My MacBook Air is a workhorse. I use it every morning in a series of repetitive tasks that help me get a handle on the day ahead. Processing emails, setting up my itinerary, managing my project lists and working through some rich formulated spreadsheets are things that can possibly be done on other devices but they are performed quicker and easier on a full screen device that offers a full keyboard and task switching capabilities. Aside from work, managing my website and editing and uploading podcasts are also responsibilities I have that are made easier with the power of a laptop computer and desktop grade processing power. Finally, managing local media such as purchased/downloaded music, movies and tv shows as well as handling the sharing and uploading of photo albums is much easier to do on a laptop running a desktop operating system. I have just a couple dozen apps and utilities installed on my MacBook Air and almost all notifications have been disabled.
My iPad for me is mainly a content consumption device. I browse, I read, I watch and I play on this device. So the apps I install are mostly for leisure. But aside from that, it can be a tremendously useful productivity tool when on the go or you are in a place where the space available to you is not laptop friendly. So I do keep a few productivity apps accessible on this device as well. For instance, as I write this, I am patiently waiting for my neighborhood tire dealer to rotate the tires on my pickup. But when this post is done, I can easily find a book to read or a game to play to kill some time as I continue to wait. I set up notifications differently on my iPad then I do on other devices. I turn all sounds and banner alerts on. However, badges and all Notification Center events have been disabled. As I am working or playing on my iPad, I will get the audio alert and the banner notification. If it is worth acting on, I will. Otherwise, when the banner is gone, so is the notification. It's a great system and it avoids the hassle of having to clean up your Notification Center feed on multiple devices.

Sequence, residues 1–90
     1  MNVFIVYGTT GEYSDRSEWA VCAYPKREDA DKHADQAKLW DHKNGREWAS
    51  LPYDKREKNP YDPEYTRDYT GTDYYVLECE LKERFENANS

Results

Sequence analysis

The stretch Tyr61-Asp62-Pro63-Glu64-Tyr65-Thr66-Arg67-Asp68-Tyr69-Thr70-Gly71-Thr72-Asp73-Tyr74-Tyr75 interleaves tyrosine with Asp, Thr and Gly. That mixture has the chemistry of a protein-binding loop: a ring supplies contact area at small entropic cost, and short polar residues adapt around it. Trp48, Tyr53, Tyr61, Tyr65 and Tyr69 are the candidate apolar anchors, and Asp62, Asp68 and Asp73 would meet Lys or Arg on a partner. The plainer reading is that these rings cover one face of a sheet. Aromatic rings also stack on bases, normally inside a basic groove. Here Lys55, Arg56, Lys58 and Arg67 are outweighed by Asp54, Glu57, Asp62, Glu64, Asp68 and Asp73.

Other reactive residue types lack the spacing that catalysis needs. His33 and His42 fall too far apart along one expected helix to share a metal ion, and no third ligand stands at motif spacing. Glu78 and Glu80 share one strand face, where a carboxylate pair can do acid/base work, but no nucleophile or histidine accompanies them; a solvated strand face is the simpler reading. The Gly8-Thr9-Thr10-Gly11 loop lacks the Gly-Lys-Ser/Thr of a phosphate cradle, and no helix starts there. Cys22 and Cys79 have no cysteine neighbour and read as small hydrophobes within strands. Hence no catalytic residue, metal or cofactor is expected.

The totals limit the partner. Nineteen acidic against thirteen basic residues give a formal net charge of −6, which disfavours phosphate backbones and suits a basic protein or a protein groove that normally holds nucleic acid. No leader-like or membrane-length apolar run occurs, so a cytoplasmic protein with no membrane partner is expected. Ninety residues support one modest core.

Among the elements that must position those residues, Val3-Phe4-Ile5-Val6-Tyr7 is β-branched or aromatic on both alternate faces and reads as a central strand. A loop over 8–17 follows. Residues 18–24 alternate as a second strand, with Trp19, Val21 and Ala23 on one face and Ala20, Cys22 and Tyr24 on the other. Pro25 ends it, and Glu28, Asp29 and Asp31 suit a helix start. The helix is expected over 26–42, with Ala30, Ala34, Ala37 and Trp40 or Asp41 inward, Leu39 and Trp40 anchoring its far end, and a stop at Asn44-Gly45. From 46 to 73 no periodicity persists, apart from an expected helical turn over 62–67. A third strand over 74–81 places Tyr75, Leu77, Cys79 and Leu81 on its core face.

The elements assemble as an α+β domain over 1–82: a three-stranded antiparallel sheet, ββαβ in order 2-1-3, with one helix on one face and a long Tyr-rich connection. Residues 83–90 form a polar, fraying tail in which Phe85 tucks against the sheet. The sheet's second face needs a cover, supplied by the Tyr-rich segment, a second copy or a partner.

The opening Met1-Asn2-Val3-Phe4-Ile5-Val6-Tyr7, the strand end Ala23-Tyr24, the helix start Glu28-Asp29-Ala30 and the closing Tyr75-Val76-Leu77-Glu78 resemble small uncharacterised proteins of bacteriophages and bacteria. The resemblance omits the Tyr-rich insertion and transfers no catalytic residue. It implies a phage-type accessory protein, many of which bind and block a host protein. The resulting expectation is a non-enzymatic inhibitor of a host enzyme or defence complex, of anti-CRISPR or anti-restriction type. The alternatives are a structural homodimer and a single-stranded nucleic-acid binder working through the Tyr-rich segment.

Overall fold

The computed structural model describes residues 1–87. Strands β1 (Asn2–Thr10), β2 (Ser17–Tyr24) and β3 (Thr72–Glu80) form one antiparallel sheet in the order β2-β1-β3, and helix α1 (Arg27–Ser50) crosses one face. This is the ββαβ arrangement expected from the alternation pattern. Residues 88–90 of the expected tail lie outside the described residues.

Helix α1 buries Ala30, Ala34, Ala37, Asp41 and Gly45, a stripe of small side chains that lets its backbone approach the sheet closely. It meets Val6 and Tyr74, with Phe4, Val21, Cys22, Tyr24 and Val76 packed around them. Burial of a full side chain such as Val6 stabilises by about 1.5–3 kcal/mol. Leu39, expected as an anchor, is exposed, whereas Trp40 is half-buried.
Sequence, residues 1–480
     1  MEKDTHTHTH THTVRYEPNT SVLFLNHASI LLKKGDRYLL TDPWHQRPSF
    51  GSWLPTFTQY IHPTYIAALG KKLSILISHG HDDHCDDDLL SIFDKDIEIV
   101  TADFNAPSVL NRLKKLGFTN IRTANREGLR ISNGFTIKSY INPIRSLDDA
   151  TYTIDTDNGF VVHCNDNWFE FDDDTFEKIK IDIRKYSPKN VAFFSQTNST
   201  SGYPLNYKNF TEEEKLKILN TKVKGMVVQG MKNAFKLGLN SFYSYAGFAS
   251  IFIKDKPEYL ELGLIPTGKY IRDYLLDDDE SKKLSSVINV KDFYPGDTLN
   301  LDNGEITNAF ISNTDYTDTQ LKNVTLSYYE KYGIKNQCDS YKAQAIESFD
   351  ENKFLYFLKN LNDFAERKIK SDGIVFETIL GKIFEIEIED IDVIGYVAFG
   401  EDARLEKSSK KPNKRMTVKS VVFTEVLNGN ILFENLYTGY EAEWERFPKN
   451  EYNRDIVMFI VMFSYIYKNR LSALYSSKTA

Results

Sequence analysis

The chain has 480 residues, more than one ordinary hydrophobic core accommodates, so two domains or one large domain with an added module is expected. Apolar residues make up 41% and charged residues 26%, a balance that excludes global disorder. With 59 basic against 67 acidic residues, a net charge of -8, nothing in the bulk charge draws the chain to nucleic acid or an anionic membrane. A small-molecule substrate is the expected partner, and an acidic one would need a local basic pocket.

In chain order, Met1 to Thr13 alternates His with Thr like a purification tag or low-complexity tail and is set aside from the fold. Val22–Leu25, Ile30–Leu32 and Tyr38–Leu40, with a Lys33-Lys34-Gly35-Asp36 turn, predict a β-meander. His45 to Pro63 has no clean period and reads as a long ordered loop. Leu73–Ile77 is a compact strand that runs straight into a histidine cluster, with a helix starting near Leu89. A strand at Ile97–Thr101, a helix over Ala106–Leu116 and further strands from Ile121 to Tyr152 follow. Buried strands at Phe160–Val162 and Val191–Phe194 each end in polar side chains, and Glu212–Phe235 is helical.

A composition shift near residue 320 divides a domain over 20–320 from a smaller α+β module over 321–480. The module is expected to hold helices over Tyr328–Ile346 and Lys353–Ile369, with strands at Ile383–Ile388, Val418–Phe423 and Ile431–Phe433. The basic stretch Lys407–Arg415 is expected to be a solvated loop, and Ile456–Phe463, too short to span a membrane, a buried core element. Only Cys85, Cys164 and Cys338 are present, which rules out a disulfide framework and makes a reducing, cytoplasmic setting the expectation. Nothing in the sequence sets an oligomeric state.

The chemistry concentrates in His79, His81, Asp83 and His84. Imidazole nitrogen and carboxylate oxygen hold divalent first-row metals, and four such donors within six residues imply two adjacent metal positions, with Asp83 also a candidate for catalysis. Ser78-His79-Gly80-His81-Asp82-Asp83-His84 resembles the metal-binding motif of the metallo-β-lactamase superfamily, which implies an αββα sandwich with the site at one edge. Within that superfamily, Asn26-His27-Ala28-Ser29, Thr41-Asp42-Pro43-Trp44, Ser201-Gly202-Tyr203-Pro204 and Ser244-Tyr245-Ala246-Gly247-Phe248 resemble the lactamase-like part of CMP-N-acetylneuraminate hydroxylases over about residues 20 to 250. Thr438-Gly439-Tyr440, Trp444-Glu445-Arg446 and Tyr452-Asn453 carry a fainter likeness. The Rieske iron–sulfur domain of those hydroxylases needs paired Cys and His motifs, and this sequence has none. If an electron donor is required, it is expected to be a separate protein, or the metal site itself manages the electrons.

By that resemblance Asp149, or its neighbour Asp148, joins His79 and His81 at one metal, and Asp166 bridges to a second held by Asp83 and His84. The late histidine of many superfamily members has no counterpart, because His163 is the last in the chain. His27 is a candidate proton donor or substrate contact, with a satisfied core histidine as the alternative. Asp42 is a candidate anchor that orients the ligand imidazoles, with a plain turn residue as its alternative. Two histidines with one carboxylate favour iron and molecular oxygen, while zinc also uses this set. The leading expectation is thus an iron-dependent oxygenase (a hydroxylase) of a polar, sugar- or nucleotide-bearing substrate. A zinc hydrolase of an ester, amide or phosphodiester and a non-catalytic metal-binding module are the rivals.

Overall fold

Finally, there is the iPhone. Yes, the device that is always with you. I install all apps that I need to have access to at any given time. I turn on notifications in the form of alerts, banners and badges for apps that provide me with useful or relative information that I want instantly. I use Notification Center as kind of a mobile computing task list. Emails, stock alerts, messages, tweets, todos and calendar events make up the majority of this notification feed. The iPhone is always connected and in my line of work, I always need to be connected as well. No other device sees the use and abuse that my iPhone does.
So there you have it. These devices work together in the ways that I need them to but they also stand alone in terms of their designated purpose. Sure, there may be a little overlap. But at the end of the day, it's about having the best tool for the job. Every device I own now has a designated purpose. The roles of these devices could change in time as their capabilities change, my needs change or perhaps as a new wave of wearable devices are introduced. But for now, I like how every device is different, and I feel I have the best experience when I treat them that way.